You’d think they just hit the Powerball Jackpot the way these guys reacted to watching Leeds beating Watford. Not exactly a drilling a walk-off homerun/sudden death goal/overtime TD/golden goal, but an awesome moment for Hull City and their fans, nonetheless.
Now to get all meta and rain on their parade….
The point system that governs league tiers is an unfamiliar concept to Americans. At the expense of sounding ethnocentric, league promotions are just kind of a stupid endgame. The way it works, is the teams with the top two records in a sub-league automatically get promoted to the next league, leaving the third through sixth best records to battle it out in a final four type tournament.
Imagine the NBA Playoffs without the Heat and the Thunder. Imagine just throwing them in the finals without making them go through the playoffs? (Good thing we didn’t end up doing that.) Imagine if we watched LeBron celebrate his second NBA Championship inside a living room? Doesn’t seem all that exciting, does it?
Case in point: Hull City’s biggest moment this year came while sitting in front a television screen and not on the field. There’s something about that scenario that feels lame.
Don’t get me wrong, it happens over here. Making the postseason is often a matter of another team losing while your team nervously huddles around a locker room monitor. And, obviously, you have to win to get to that spot in the first place. So maybe I’m being an idealist, wishing that all triumphant sports moments could be a matter of controlling your own destiny. But one thing is certain: such moments should never end a season, as they did here with Hull City who will play in the Premiership next year. No questions asked.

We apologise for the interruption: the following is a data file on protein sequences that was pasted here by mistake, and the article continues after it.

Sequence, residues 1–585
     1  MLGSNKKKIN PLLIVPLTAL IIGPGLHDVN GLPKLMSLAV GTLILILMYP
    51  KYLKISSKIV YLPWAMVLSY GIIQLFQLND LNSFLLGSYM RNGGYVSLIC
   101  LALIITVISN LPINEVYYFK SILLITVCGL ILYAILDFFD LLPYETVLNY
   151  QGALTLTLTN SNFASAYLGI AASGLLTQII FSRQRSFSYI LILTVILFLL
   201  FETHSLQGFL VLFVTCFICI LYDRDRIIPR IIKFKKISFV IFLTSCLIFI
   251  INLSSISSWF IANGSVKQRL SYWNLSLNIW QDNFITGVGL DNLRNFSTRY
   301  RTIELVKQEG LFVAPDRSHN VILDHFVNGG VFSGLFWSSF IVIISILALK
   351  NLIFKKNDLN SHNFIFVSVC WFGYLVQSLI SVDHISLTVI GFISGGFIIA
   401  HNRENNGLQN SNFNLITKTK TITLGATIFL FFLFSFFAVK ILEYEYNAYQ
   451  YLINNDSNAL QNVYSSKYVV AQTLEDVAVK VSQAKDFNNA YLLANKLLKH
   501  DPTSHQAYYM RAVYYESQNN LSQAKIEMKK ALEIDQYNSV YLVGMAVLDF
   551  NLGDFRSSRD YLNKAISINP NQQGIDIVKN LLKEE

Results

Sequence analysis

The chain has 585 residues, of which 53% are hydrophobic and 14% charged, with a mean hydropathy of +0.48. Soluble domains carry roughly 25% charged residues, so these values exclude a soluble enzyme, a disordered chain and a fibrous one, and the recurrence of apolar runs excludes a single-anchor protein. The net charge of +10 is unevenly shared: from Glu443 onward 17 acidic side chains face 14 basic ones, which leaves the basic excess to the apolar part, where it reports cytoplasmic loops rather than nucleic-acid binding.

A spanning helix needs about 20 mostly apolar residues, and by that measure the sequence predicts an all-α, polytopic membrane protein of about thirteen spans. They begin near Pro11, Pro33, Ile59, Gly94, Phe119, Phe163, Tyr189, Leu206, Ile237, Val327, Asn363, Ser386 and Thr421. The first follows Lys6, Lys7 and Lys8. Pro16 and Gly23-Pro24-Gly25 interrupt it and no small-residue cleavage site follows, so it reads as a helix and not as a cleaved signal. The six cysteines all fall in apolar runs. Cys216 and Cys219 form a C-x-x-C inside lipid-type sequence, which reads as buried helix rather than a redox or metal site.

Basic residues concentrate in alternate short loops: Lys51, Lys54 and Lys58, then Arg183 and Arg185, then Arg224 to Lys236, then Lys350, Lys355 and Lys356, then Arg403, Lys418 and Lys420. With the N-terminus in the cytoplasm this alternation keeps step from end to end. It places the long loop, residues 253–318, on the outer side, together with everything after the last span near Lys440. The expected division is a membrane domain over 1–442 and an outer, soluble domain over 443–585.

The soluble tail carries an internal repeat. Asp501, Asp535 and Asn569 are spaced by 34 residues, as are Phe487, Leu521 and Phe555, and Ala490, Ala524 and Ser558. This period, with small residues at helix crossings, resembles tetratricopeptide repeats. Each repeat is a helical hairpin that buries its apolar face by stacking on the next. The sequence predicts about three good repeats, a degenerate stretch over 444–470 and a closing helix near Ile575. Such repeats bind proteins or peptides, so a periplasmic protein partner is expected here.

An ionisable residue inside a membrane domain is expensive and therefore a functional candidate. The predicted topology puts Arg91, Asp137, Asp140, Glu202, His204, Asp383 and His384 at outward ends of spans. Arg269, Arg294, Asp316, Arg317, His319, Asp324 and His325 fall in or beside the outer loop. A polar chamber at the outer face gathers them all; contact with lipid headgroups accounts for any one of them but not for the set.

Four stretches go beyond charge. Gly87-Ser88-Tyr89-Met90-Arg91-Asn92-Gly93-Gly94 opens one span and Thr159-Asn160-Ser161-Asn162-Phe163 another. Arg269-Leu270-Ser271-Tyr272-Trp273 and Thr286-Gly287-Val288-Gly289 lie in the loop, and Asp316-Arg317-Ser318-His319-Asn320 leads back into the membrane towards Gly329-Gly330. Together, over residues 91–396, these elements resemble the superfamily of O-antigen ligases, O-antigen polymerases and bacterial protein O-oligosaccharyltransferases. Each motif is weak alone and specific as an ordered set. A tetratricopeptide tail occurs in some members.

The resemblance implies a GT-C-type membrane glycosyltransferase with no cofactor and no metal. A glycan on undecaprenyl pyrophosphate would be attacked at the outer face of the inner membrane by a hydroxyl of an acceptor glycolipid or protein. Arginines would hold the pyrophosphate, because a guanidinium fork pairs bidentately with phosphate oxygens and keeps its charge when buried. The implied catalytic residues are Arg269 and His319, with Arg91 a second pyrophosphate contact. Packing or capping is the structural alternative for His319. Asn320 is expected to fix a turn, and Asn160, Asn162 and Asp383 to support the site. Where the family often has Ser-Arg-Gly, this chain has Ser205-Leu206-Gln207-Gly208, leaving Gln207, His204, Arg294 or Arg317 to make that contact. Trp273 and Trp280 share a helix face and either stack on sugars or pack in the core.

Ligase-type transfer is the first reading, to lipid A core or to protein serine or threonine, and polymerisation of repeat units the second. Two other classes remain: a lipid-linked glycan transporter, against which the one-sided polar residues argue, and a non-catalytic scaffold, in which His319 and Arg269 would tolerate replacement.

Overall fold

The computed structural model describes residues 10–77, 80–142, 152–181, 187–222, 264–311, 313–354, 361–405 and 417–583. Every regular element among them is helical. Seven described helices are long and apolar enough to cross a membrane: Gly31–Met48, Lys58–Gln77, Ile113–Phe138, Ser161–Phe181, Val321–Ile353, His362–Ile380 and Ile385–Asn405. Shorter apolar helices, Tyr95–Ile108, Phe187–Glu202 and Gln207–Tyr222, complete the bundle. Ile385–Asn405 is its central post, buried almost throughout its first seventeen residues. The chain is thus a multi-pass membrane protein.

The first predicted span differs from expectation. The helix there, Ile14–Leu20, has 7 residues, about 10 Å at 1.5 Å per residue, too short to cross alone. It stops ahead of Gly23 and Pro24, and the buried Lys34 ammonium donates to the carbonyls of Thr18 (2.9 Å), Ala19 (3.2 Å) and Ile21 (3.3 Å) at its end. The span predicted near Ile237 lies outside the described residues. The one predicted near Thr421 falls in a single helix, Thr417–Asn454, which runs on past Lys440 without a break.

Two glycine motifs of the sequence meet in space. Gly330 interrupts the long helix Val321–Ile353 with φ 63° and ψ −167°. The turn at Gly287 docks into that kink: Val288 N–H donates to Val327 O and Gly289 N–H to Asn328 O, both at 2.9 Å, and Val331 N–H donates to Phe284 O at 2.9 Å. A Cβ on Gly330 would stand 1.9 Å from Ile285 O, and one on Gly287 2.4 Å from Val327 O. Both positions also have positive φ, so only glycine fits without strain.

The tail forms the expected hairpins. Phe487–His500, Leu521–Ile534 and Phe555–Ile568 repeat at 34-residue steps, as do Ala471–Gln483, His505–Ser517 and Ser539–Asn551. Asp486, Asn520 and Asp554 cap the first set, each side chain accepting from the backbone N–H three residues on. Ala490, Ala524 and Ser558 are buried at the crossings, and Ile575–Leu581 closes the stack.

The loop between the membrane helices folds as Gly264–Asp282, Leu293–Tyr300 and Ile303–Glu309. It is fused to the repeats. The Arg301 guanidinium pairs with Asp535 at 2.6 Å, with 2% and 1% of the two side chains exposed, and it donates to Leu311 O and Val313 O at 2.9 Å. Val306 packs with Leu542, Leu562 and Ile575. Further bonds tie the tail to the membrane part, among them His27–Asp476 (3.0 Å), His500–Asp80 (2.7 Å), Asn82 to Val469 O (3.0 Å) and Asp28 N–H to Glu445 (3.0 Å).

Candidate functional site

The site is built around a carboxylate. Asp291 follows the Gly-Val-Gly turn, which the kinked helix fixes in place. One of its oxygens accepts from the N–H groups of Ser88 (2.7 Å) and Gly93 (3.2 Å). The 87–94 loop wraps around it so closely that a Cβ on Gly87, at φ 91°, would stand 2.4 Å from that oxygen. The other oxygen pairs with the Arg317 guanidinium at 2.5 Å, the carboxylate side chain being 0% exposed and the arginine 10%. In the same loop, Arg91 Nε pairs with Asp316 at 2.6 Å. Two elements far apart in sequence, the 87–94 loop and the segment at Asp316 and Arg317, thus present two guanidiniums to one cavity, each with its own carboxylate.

It’s this sort of aversion to do-or-die moments that makes soccer hard for Americans to deal with (ya, I went there.) There is the oft reference hatred of ties, which we forced one of our own professional leagues (NHL) to drop, threatening to never watch it again. (It was the first thing they did coming out of the second to last strike season.) But then there’s this kind of stuff. Allowing “winning” to be defined by something other than beating the opponent in front of you.
Aggregate goal, anyone?
Once again, I’m not suggesting soccer change it’s culture for us. Nor am I saying that teams can’t ever rely on other teams losing to determine their own fate. I’m just reminded of the great cultural divide between the European and American sports psyche. Why don’t they actually use the golden goal rule? It seems like a perfectly simple solution to a rather uninspiring conclusion to a match. Matches that are often set up to end into mutually beneficial draws. Why aren’t the top two teams included in the tournament that determines promotion? Why are you protecting them from proving their the best in the npower Championship League?
Or is the drama of watching two otherwise unimportant teams finish 0-0 that compelling?
The answer, most likely, is that winning in the current system is more valuable than the act of becoming the winner. It just seems contrary to the point of “games” — rooted in a blind sort of pride that transcends sports in a way we can’t really fathom over here. European football is, in many ways, like war. Fans fight and riot and injure one another. The result of a season is just that much more a personal reflection for these people. In the US, sports are just a thing you do with your kids. They’re supposed to be fun to watch.
For the fans — not the players.